Over the course of thousands of years, human ingenuity has slowly separated us from nature. From our humble roots as cave people who struggled to create fire and wheels, to the modern age where the very stars are within our grasp, the ability to out-think everything else and invent things meant that we could not only survive, but take the planet for ourselves. The fact that you can have something in your pocket that lets you see things from the other side of the world instantaneously is a testament to that truth.
Take away everything that defines the modern age however, and you might end up with an experience that isn’t too different from what Blaine Gibson experienced in Rooster Teeth’s documentary, Connected (which premiers April 15).
“Whenever I have my phone and there’s a dull moment, it’s instinct to pull it out and hop on Twitter or check the news. During the tech cleanse, I became hyper aware of those “dull moments” because there wasn’t anything to do. Most of the time I’d just observe my surroundings and stare at stuff,” Gibson said. “There were so many times during filming where I’d be the only person in the room not locked in on their phone. It was actually really eery standing there, looking around, while 5-8 other people quietly tapped on these little screens in their hands.”
“It felt like something that could’ve been made into an episode of “The Twilight Zone” back in the 60’s. Tech has drastically altered what it means to be social.”
We’ve all been in similar situations of course. Perhaps you were in a waiting room and your phone died, or maybe you left your phone at home because you were in a rush to catch the bus, or you could even be at an incredibly boring family dinner. The urge to distract yourself with something, anything, is strong, so perhaps you just stare at the ceiling and count how many tiles there are or twiddle your thumbs. It doesn’t change the feeling that all of your problems would go away if you had your phone though, which is proof enough of how intertwined our lives have become with the technology that is supposed to make life easier.
In fact, things like phones have become so commonplace that it sometimes never crosses the mind that you will ever be in a situation without it. “I hadn’t really considered the notion of “shunning” modern tech for an extended period of time. The closest I ever got was before going hiking once. I thought, “Ok, I’m going to leave my phone in my car so I can enjoy nature and not get distracted by tech,” Gibson said. “After walking away from my car, about to head into the woods, I turned back and grabbed my phone. I figured that’d be the one hike I’d slip and break a leg or get chased by a serial killer.”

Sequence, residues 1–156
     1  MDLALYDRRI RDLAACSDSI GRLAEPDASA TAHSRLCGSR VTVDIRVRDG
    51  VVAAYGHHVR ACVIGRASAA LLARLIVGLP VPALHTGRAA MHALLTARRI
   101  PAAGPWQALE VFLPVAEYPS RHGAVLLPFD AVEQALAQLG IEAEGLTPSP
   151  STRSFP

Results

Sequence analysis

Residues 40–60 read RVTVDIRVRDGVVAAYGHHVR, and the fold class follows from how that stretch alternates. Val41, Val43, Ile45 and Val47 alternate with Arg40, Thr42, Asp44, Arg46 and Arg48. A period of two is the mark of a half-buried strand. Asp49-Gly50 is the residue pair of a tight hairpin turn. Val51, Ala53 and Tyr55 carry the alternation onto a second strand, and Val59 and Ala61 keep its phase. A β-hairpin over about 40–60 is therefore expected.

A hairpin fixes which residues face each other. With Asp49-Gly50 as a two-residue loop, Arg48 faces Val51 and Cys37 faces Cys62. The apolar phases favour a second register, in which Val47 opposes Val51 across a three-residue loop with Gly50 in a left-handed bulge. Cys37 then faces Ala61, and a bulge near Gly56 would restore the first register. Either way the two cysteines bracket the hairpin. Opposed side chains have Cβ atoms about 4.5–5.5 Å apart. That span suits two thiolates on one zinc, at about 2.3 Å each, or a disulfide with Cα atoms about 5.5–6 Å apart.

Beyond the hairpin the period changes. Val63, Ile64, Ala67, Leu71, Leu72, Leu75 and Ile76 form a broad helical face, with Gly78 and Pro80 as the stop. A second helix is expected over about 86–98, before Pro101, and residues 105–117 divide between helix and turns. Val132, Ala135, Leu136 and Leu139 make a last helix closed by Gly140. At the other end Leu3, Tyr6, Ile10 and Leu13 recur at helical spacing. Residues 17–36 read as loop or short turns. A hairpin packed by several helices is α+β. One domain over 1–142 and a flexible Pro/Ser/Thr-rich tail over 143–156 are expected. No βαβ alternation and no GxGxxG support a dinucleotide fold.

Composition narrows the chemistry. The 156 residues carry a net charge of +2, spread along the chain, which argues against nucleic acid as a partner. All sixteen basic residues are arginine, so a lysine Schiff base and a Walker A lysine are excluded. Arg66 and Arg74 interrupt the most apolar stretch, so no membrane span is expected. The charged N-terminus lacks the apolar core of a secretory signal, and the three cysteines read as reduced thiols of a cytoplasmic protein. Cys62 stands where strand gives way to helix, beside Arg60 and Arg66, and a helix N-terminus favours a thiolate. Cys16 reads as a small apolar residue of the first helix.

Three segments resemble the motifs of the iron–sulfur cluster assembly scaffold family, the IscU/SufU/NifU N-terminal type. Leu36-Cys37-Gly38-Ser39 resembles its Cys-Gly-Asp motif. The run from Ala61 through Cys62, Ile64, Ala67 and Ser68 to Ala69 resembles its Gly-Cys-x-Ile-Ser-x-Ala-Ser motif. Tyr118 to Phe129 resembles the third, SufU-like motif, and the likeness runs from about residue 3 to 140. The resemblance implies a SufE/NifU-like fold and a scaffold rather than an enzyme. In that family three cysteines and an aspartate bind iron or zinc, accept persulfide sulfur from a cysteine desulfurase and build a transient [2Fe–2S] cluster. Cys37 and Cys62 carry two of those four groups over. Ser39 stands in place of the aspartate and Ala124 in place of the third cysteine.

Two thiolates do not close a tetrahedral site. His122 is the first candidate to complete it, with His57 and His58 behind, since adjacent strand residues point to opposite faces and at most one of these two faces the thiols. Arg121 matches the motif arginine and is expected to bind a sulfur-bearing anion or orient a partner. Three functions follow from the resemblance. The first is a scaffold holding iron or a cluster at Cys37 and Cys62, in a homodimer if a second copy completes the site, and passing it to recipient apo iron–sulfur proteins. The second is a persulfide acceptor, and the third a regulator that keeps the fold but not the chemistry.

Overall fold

Of course, this probably also means that you never really give much thought to how previous generations of people lived their daily lives. Today, we have the benefit of having things like toasters that can be connected to the internet and toilets that can both wash your anus and provide Wi-Fi. “Throughout filming Connected, I kept thinking back to family trips where my dad would drive across several states. During shooting, I found myself wondering, “how the hell did Dad get us to that specific street in that specific town of Colorado when I was a kid?” I could hardly make it across Austin without my GPS, my dad did that all the time,” Gibson said.
“My parents were also in a distance relationship when they were around my age. I have no clue how they endured that and got married if they only had landlines and letters to communicate through. It’s a miracle I was born.
(Both because my parents lasted through a distance relationship and also because I’m a gift from god).”
By extension, you probably also never really thought about the more subtle ways that technology has affected your life. Sure, the process by which you apply for classes or look for jobs probably sucks and is incredibly tedious and the website that they use is likely to be a flaming bag of poo, but imagine how much worse it would be if you had to write the applications by hand and mail them in every single time. Plus some jobs simply wouldn’t exist.
“I absolutely think my career path would have gone in a different direction if it weren’t for modern tech. The company [Rooster Teeth] wouldn’t exist to begin with, but also the means for getting into the industry wouldn’t have been available,” Gibson said. “I was able to learn skills, network with future employers and share content thanks to modern tech. Without having anyone to enjoy my work or give criticism to improve upon, I wouldn’t feel like I was doing something fulfilling.”
“I probably wouldn’t be in the creative field without the internet, I would’ve become a lumberjack or shrimp boat captain.”
Even though Blaine had to give up his use of modern technology for a week to film Connected, it wasn’t all doom and gloom for him. After all, he (presumably) isn’t huddled in a corner somewhere, crying uncontrollably and poking away at an imaginary phone, especially not with Rogue One: A Star Wars Story practically right around the corner. If anything, it actually had a positive effect on how he viewed technology, much like how a starving person would appreciate eating wet bread.
“There’s been a noticeable difference in my relationship with technology after shooting Connected. Leaving my phone behind or turning on “do not disturb” mode is far less stressful and uncomfortable after my tech cleanse. I know I’m capable of existing without texting, GPS and dating apps.”
“It’s nice having those tools at my disposal if I need them, but it’s even nicer to enjoy life without constantly staring at a screen.”
Rooster Teeth’s Connected documentary premiers on April 15th, exclusively for Rooster Teeth sponsors, although you can get a free 30 day trial period here.